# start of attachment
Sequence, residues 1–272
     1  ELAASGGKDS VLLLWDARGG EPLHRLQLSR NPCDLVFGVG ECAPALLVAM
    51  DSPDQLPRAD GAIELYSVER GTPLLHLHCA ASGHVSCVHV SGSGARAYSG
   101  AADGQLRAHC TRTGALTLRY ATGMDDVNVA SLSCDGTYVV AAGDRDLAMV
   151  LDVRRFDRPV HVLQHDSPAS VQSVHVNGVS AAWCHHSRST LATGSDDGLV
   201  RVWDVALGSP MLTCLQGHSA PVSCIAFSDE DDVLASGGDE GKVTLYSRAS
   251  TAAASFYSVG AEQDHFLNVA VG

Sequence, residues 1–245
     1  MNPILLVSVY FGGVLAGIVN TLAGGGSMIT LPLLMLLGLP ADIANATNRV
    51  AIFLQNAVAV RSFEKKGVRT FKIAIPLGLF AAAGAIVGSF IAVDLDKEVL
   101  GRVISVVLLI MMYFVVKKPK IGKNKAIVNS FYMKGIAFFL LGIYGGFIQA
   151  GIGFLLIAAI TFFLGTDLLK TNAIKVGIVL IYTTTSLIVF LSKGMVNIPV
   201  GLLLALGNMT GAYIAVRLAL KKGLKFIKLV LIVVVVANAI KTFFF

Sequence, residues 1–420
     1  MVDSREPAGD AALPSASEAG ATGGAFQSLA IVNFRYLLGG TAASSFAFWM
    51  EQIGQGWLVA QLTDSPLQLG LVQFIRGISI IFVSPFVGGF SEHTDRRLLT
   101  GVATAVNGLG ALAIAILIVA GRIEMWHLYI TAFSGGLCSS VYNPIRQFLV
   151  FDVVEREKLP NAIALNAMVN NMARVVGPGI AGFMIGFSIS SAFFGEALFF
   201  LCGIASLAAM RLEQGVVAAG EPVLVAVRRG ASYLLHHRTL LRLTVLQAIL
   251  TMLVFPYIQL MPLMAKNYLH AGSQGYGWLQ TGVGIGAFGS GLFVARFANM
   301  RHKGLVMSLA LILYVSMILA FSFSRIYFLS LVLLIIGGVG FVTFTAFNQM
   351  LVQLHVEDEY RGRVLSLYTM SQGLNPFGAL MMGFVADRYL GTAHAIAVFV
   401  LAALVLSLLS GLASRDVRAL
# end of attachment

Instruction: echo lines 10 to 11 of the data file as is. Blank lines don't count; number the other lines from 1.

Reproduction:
    51  AIFLQNAVAV RSFEKKGVRT FKIAIPLGLF AAAGAIVGSF IAVDLDKEVL
   101  GRVISVVLLI MMYFVVKKPK IGKNKAIVNS FYMKGIAFFL LGIYGGFIQA